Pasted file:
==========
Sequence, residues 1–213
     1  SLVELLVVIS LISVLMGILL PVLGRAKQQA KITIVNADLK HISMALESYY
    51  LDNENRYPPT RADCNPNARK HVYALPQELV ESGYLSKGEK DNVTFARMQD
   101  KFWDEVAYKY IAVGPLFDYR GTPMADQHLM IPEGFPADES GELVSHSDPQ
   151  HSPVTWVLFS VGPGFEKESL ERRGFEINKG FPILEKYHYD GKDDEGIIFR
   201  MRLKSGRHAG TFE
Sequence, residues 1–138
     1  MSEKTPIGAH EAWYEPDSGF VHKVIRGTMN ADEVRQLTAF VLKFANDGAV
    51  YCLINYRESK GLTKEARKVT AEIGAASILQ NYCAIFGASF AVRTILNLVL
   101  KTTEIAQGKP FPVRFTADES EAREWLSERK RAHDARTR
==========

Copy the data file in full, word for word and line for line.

Sequence, residues 1–213
     1  SLVELLVVIS LISVLMGILL PVLGRAKQQA KITIVNADLK HISMALESYY
    51  LDNENRYPPT RADCNPNARK HVYALPQELV ESGYLSKGEK DNVTFARMQD
   101  KFWDEVAYKY IAVGPLFDYR GTPMADQHLM IPEGFPADES GELVSHSDPQ
   151  HSPVTWVLFS VGPGFEKESL ERRGFEINKG FPILEKYHYD GKDDEGIIFR
   201  MRLKSGRHAG TFE
Sequence, residues 1–138
     1  MSEKTPIGAH EAWYEPDSGF VHKVIRGTMN ADEVRQLTAF VLKFANDGAV
    51  YCLINYRESK GLTKEARKVT AEIGAASILQ NYCAIFGASF AVRTILNLVL
   101  KTTEIAQGKP FPVRFTADES EAREWLSERK RAHDARTR